The Hoberman sphere is a structure resembling a geodesic dome, and which can fold down to a fraction of its normal size. The scissor-like action of its joints enables it to do this. It's impressive to watch. Some museums have this sphere on display, using a motorized control system to continuously change the size of the sphere from fully closed to fully open.
Check out a video of a Hoberman sphere:
If you get your hands on one, have a look how it works. Look at how the joints bend relative to each other when the sphere opens and closes. If you look at it closely you can see a pattern in how its structured. It's a beautiful toy both aesthetically and how it's put together. The geometry of the pieces have to work smoothly together and not interfere with each other, otherwise the sphere will bind up somewhere and it won't be able to open and close properly.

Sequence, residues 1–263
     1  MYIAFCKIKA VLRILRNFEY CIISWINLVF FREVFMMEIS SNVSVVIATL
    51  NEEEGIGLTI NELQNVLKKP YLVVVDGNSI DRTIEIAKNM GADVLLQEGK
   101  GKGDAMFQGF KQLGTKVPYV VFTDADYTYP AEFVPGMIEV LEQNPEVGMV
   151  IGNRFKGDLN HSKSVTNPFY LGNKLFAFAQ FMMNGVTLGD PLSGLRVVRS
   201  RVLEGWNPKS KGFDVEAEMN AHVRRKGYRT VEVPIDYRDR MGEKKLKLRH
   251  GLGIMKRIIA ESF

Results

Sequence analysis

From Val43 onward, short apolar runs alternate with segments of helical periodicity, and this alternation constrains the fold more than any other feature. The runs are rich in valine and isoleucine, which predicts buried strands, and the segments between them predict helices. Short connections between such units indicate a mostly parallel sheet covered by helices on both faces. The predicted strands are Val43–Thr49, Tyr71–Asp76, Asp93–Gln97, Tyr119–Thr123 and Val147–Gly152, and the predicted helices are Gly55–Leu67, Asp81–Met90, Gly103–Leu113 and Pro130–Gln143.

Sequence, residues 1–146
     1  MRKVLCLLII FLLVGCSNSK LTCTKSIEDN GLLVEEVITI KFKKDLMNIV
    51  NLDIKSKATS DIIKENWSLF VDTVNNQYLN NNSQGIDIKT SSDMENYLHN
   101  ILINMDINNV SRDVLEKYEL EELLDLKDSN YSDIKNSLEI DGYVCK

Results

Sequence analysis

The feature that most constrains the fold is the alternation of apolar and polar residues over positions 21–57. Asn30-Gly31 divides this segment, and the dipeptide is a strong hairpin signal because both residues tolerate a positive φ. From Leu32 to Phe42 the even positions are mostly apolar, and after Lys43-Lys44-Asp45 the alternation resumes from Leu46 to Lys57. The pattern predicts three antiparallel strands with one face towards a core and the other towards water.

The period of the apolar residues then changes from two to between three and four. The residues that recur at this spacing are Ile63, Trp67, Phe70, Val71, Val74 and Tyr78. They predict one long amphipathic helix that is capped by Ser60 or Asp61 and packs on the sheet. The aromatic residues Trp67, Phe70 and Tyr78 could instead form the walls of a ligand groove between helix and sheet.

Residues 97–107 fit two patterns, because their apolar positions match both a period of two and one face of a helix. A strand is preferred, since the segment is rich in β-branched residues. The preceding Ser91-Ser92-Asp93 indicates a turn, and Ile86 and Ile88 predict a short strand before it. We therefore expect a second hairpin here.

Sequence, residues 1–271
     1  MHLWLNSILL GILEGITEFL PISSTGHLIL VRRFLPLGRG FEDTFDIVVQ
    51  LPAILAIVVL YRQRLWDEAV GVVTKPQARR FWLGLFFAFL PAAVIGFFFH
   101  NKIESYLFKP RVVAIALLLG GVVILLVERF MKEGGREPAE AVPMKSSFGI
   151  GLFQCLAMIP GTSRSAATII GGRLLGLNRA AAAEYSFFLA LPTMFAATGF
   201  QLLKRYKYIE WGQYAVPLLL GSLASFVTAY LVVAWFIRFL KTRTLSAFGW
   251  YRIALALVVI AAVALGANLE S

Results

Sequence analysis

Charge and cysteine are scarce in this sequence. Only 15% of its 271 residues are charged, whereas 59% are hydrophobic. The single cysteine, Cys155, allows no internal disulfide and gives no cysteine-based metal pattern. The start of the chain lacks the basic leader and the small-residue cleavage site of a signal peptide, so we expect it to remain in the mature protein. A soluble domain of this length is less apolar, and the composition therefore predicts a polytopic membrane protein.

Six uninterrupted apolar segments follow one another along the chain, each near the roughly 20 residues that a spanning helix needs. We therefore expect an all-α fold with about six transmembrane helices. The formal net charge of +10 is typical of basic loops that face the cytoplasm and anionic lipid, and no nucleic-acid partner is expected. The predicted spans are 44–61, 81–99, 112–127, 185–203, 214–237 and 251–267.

Does the sphere feel heavier when it's open or closed? Obviously, the weight is the same, but sometimes the shape of an object can affect the perception of weight.
You can play many different games and create many interesting effects with the Hoberman sphere. This is explained with the manual that comes with the sphere.
One really neat trick you can do with the sphere is shown in the video. The guy in the video spins the sphere while in its open position, while holding it between his hands. He then pushes the sphere into its closed position, and the sphere spins faster as a result. This is the same effect that's created when a figure skater pulls his arms in during a spin. It causes him to spin faster. In scientific terms, this effect is caused by conservation of momentum, which is a subject covered in physics classes.
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